Note to Leaders: Shift Happens

Two giants in their fields, Google and Goldman Sachs, found the spotlight this week. I’m not sure the leadership of either will be happy about it. Both lost employees who decided to explain to the world their reasons for leaving. These are cautionary tales about the enormous consequences that occur when a corporate culture shifts away from its core values.

Google

In his blog Why I left Google, James Whittaker, the firm’s former Engineering Director, explains the culture of the company he was once passionate about: “Google was run like an innovation factory, empowering employees to be entrepreneurial through founder’s awards, peer bonuses and 20% time.”

He attributes the cultural shift to one big decision: to compete with Facebook. To him this was a shift from attracting ads through good content creation, to targeting ads by collecting more and more private user information. The competition with Facebook, he argues, changed the culture.

He writes, “Suddenly, 20% meant half-assed. Google Labs was shut down. App Engine fees were raised. APIs that had been free for years were deprecated or provided for a fee.” He explains that “the trappings of entrepreneurship were dismantled” as the focus shifted solely to social media innovation. That’s when he knew he had to leave.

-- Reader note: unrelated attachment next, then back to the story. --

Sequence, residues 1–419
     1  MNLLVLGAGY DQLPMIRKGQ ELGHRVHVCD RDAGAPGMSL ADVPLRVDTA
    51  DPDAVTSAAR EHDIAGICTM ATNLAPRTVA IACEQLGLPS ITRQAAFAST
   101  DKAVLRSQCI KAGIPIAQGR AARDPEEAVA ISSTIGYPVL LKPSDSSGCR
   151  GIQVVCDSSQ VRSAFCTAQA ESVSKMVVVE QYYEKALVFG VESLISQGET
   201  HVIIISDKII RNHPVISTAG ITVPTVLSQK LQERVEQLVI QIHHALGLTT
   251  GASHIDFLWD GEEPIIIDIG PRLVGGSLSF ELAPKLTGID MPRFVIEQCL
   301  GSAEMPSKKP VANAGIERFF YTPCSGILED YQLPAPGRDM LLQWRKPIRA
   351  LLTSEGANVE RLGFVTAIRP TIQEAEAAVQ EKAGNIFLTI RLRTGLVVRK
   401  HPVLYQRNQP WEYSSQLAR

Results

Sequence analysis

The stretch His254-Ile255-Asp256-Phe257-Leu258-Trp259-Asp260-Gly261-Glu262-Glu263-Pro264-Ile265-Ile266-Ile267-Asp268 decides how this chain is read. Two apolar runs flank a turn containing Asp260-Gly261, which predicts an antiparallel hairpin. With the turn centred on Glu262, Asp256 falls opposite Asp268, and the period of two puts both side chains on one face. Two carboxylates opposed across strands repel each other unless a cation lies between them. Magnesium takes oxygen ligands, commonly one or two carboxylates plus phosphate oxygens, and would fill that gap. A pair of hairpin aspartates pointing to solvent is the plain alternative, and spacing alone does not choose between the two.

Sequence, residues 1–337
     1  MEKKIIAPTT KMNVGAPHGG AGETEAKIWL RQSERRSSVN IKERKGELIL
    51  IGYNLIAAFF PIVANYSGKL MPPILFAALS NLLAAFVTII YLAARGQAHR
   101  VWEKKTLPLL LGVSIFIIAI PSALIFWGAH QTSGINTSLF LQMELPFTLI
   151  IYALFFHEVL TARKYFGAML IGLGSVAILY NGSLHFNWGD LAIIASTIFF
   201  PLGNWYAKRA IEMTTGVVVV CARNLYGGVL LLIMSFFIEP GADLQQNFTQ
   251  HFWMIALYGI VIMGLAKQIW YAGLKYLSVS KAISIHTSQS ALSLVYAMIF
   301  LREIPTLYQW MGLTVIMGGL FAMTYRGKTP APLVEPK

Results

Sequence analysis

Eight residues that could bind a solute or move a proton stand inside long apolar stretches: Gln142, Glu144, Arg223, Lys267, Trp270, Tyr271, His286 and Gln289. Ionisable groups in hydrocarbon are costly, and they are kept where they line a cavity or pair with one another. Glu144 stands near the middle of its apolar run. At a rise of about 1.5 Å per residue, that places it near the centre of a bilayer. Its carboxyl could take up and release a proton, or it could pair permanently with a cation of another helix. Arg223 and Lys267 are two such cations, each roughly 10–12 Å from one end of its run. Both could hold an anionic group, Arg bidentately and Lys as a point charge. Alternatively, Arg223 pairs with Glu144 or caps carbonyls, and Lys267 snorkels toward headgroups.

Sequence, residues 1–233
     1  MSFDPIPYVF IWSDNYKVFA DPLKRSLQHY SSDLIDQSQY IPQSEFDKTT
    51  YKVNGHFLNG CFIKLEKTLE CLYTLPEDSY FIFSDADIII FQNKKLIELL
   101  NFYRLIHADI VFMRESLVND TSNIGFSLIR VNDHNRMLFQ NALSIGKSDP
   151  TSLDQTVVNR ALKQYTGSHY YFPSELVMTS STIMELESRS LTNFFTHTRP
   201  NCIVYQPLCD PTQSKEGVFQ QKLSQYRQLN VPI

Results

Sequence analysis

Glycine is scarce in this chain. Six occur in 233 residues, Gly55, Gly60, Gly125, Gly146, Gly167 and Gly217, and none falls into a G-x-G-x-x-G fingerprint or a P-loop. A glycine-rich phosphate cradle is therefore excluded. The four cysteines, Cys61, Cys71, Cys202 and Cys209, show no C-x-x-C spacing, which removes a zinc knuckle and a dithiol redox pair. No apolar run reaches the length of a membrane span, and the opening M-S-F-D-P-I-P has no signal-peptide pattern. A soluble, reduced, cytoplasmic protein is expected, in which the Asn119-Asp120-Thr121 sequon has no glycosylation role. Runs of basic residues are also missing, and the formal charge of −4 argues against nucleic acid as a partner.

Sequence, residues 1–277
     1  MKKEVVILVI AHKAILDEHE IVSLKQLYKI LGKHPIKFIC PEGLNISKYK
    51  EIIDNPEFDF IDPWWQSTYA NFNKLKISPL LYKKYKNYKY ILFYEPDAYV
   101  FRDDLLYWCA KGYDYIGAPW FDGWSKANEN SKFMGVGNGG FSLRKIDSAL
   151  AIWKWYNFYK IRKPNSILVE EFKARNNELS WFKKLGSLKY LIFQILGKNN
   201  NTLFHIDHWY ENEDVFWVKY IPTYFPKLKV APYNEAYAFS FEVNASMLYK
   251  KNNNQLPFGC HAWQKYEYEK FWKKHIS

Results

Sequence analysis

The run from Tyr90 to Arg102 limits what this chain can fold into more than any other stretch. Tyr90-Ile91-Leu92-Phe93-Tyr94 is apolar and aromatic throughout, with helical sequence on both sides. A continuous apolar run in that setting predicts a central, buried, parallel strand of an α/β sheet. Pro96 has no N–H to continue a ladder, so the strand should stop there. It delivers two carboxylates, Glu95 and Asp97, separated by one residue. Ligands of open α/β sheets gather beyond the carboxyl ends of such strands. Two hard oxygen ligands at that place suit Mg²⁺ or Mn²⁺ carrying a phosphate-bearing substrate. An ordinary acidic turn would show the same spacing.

Goldman Sachs

In his recent New York Times article Why I Am Leaving Goldman Sachs, Greg Smith – a former Executive Director of the firm’s equity derivatives business – explains the values that attracted him to Goldman Sachs this way: “It might sound surprising to a skeptical public, but culture was always a vital part of Goldman Sachs’s success. It revolved around teamwork, integrity, a spirit of humility, and always doing right by our clients.”

Mr. Smith describes a shift to a focus on making money for the firm without regard to the best interests of the clients, who, he claims, were often cynically referred to as “muppets.” His advice as he leaves is, “Weed out the morally bankrupt people, no matter how much money they make for the firm. And get the culture right again, so people want to work here for the right reasons.”

These two perspectives touch on one of the most important topics for leaders in any industry: the values that drive the culture. Leaders must be aware of how employees are experiencing the culture of the firm. Especially in these times of rapid change and fluctuating market conditions, everyone looks to leaders to set the vision and hold the cultural center.

These could just be two very disgruntled employees, or they could be the canaries in the coal mine. We’ll never know for sure. But the larger point is that leaders who want to attract and retain passionate high performance employees should always ask, “What are the values that drive our culture? How are our employees experiencing them? Is there a shift in our business practices, away from our core values?”

Your employees – and clients – are always watching and they are always texting, tweeting, blogging and talking. If a company’s leaders don’t notice a shift, it’s just a matter of time before someone else will.

 

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